What are some things that inspire you to write?
Everything inspires me to write! Or maybe I should say anything. A memory. A sound. An image. The scent of lilacs in the spring, a whiff of laundry detergent, the aroma of baking bread, the sizzle of scrambled eggs in the pan. My children, my parents, my husband, my pets. The past, the present, the future. Always, I write, even if I’m not putting words on the page and only holding them in my head. If I had a nickel for how many times I’ve said, “I wonder if I can put that into a story,” well, you know the rest of that expression!
What is your typical writing routine like?
In the last year, my typical writing routine has fallen apart because I have been spending more time managing my parents’ health (not to mention that having six people in the house almost all day was pretty disruptive). But the routine I hope to get back to soon is to wake between five and five-thirty, grab my cup of coffee, and write for an hour. Then, once I’ve gotten a good bit of editing accomplished for my clients, I’ll go back and get another thirty to sixty minutes in before my teenagers come home from school. (Two of my kids will be away at college, so I’m confident that with some discipline, this routine will fall back into place.)
Part of my writing routine also involves interviewing other authors, which means I craft questions according to information I find on author websites and social media or in their books. Time after dinner but before bed is spent researching these authors and crafting questions.
What kind of message do your book (s) convey to readers?
Two messages come to mind with respect to Rewrite the Stars. First, personal happiness is important. We cannot be so intent on making other people happy that we do not place any priority on our own happiness. Second, if you need help—with anything, but especially when it comes to health issues—don’t be afraid to ask. And if you cannot ask or don’t have the strength to ask, be open to accepting help if someone offers it. Those are “easier said than done” at times, but with time and attention, a person can be successful at both.
But in general, I want my readers to understand they are not alone, hope can be found even in unlikely places, and with time and wisdom comes some understanding. I want my readers to learn to empathize with those they’ve never met and to spread kindness whenever possible. With respect to physical and mental health, I’d love for readers to know that not every ailment is recognizable, and sometimes those wounds we can’t see are the most detrimental to someone’s soul.
Does your book (s) incorporate certain aspects of your own life (and / or that of others)?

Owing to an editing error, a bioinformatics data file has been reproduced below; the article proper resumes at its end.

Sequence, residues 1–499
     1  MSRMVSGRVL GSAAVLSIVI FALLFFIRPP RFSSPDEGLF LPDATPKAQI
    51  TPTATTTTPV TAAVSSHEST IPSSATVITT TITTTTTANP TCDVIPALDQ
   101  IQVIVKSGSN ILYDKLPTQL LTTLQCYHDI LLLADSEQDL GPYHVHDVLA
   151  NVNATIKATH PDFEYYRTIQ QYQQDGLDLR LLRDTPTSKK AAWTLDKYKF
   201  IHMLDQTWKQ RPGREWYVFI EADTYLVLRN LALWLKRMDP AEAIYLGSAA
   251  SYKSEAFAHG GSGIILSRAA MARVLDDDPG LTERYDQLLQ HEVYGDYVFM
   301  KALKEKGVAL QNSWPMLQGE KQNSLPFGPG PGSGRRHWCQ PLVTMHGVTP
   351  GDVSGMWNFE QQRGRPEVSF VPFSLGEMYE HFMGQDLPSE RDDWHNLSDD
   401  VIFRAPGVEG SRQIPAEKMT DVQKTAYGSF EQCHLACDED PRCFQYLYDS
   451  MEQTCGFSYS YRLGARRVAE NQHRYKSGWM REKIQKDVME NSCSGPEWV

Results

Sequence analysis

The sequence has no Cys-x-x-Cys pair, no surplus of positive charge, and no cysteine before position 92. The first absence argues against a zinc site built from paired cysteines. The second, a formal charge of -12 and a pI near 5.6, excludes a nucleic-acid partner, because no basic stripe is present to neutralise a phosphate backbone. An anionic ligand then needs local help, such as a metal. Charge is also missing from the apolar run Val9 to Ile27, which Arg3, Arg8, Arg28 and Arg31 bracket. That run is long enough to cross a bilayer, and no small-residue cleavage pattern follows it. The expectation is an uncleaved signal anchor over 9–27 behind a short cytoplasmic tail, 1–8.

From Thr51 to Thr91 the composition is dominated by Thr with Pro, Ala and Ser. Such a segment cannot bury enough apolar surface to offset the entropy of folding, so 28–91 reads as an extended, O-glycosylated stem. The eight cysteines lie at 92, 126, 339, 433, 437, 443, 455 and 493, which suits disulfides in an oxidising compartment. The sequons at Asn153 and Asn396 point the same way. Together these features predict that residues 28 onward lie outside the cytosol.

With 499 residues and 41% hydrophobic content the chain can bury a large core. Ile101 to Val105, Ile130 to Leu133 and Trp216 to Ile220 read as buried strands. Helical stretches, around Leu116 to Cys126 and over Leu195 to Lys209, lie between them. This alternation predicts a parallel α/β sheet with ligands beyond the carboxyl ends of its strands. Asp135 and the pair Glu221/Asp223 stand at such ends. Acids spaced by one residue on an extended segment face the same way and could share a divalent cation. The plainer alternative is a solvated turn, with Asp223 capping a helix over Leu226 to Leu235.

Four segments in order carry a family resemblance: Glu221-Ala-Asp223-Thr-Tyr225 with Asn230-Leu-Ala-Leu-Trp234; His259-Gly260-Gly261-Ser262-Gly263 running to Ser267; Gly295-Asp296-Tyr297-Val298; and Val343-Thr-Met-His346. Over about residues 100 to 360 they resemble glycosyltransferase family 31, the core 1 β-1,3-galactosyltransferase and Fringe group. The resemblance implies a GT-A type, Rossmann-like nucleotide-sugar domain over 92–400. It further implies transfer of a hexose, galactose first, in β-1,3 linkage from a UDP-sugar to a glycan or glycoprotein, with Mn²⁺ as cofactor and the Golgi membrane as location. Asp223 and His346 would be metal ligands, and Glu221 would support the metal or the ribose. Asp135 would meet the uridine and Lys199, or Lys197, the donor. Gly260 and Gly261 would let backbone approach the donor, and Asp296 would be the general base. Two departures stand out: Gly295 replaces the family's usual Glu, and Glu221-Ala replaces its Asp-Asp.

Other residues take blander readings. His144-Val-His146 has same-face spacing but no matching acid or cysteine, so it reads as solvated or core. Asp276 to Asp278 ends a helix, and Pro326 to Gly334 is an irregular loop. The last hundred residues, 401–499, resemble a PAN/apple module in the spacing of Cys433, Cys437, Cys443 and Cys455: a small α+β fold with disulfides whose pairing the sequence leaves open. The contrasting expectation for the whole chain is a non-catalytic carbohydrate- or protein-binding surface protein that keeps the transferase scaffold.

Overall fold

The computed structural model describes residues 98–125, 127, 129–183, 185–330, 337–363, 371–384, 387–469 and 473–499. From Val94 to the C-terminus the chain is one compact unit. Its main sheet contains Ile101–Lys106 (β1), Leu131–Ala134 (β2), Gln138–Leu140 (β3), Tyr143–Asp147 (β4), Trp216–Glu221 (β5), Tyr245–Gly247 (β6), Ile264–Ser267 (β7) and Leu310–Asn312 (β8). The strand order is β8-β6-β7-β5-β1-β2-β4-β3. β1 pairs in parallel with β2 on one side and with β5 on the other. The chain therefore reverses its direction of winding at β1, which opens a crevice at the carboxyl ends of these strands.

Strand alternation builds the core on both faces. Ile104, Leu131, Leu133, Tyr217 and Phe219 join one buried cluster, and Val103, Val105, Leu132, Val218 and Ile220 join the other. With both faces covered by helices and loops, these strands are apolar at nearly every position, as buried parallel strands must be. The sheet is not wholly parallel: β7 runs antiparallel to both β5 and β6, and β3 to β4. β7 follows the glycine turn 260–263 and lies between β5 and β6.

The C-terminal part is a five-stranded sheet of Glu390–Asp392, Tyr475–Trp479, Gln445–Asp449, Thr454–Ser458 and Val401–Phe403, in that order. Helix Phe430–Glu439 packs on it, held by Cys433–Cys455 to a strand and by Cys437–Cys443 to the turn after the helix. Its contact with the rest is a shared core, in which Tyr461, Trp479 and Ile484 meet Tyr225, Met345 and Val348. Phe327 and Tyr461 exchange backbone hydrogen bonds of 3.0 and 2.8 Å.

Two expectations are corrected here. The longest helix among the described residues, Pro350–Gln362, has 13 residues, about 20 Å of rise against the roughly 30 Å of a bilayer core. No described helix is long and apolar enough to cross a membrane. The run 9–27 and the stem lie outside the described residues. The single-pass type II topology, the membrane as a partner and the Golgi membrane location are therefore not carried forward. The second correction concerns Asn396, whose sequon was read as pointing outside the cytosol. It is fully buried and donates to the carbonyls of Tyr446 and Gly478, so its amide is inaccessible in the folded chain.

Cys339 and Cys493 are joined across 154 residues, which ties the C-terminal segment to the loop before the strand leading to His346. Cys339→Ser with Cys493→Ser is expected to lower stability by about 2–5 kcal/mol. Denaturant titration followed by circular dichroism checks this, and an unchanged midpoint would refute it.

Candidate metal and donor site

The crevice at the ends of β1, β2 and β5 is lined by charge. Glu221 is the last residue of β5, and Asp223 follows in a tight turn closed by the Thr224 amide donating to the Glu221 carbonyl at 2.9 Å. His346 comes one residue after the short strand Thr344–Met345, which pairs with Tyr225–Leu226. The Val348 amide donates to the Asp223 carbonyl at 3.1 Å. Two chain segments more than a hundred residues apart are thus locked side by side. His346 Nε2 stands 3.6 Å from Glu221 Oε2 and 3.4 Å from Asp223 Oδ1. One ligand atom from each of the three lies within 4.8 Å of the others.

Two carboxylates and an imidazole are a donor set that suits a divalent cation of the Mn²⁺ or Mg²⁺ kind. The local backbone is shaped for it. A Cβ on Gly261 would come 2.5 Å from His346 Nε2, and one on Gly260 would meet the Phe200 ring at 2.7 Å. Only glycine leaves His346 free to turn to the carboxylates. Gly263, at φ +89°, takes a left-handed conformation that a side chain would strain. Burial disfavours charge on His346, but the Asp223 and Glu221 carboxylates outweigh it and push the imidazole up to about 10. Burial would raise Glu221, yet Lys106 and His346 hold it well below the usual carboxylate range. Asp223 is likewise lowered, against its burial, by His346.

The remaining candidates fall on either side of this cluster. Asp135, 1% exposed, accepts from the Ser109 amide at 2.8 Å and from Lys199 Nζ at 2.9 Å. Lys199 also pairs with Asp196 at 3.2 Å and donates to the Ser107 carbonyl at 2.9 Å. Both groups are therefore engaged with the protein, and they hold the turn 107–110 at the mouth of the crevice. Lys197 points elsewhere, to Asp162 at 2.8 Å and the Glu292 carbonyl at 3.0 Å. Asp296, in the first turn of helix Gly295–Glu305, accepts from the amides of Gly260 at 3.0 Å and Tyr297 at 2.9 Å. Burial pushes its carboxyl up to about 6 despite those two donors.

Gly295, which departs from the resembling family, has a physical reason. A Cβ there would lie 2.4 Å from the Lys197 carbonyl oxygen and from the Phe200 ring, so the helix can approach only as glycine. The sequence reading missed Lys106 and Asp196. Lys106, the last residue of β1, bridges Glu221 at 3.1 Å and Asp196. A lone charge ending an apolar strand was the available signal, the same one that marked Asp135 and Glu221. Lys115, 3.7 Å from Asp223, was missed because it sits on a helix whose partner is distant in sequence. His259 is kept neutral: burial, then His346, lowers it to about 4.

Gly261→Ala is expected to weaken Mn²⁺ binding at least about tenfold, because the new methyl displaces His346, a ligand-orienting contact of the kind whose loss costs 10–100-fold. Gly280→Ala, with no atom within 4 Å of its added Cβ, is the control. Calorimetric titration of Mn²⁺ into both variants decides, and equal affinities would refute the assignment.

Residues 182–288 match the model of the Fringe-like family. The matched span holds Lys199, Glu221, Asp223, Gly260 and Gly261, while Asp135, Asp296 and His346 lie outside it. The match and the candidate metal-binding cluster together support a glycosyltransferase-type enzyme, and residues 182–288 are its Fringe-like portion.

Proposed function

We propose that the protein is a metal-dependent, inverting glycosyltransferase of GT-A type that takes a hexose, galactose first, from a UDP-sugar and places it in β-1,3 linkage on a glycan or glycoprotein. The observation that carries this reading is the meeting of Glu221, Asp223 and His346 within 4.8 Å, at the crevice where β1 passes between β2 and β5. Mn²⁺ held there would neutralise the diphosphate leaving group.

Most of my work incorporates certain aspects of my life or that of people I know. My debut novel, Rewrite the Stars, began after a conversation I had in a grocery store checkout line and grew from there. And some of the details—the connection to the University of Michigan and Walloon Lake, how Sadie and Theo met, their son Charlie’s interests—are lifted from my own past. My next book, The Chocolate Garden, blossomed from the experiences that took place the summer my mom was diagnosed with Alzheimer’s. And another manuscript, The Marriage Debt, formed in my mind when a few friends and I were chatting about our experiences with life, love, and marriage. As much as I enjoy researching a new topic (and I do research any of the mental or physical health issues featured in my books), I also love to “write what I know.”
Who are some of your favorite authors and why?
This is such a tough question for me because I have so many favorite authors! And all for different reasons. Generally, though, I’ll say this: I learn something different from each of my favorite authors, whether it be something about the craft of writing, social media, the book’s topic, generosity, literary citizenship, etc. (I haven’t met an author I can’t learn something from!) These authors come to the forefront of my mind, though (not all are hen lit authors): James Baldwin, John Green, Crystal Wilkinson, Ann Garvin, Dorothy Koomson, Jacquelyn Mitchard, Erin Flanagan, Jennifer Bardsley, Lori Nelson Spielman, Toni Morrison, Jennifer Niven, Sharon Creech, Sharon Draper . . . I could probably go on, but there’s only so much space!
Any advice you’d like to give for aspiring writers at this stage in life?
First: be patient with yourself. I thought that as my children grew up, I’d find more time to write. But teenagers require more work than toddlers and babies or at least it’s a different sort of work. My kids are self-sufficient and so inspiring but meeting their needs (both physical and emotional) can be exhausting. And now I have my parents’ health crises added to the mix. Many women in this stage of life have a plethora of responsibilities that can become overwhelming. It’s good to step back, take a moment, and breathe. Remember that writing and publishing is a marathon and when life calms down, the story will be there. Having said that, it’s very important to take care of yourself, too, so setting aside even ten minutes a day for writing or some other creative practice is a good idea.
Second: if I can do it, you can too!
Get to Know More about Christina Here!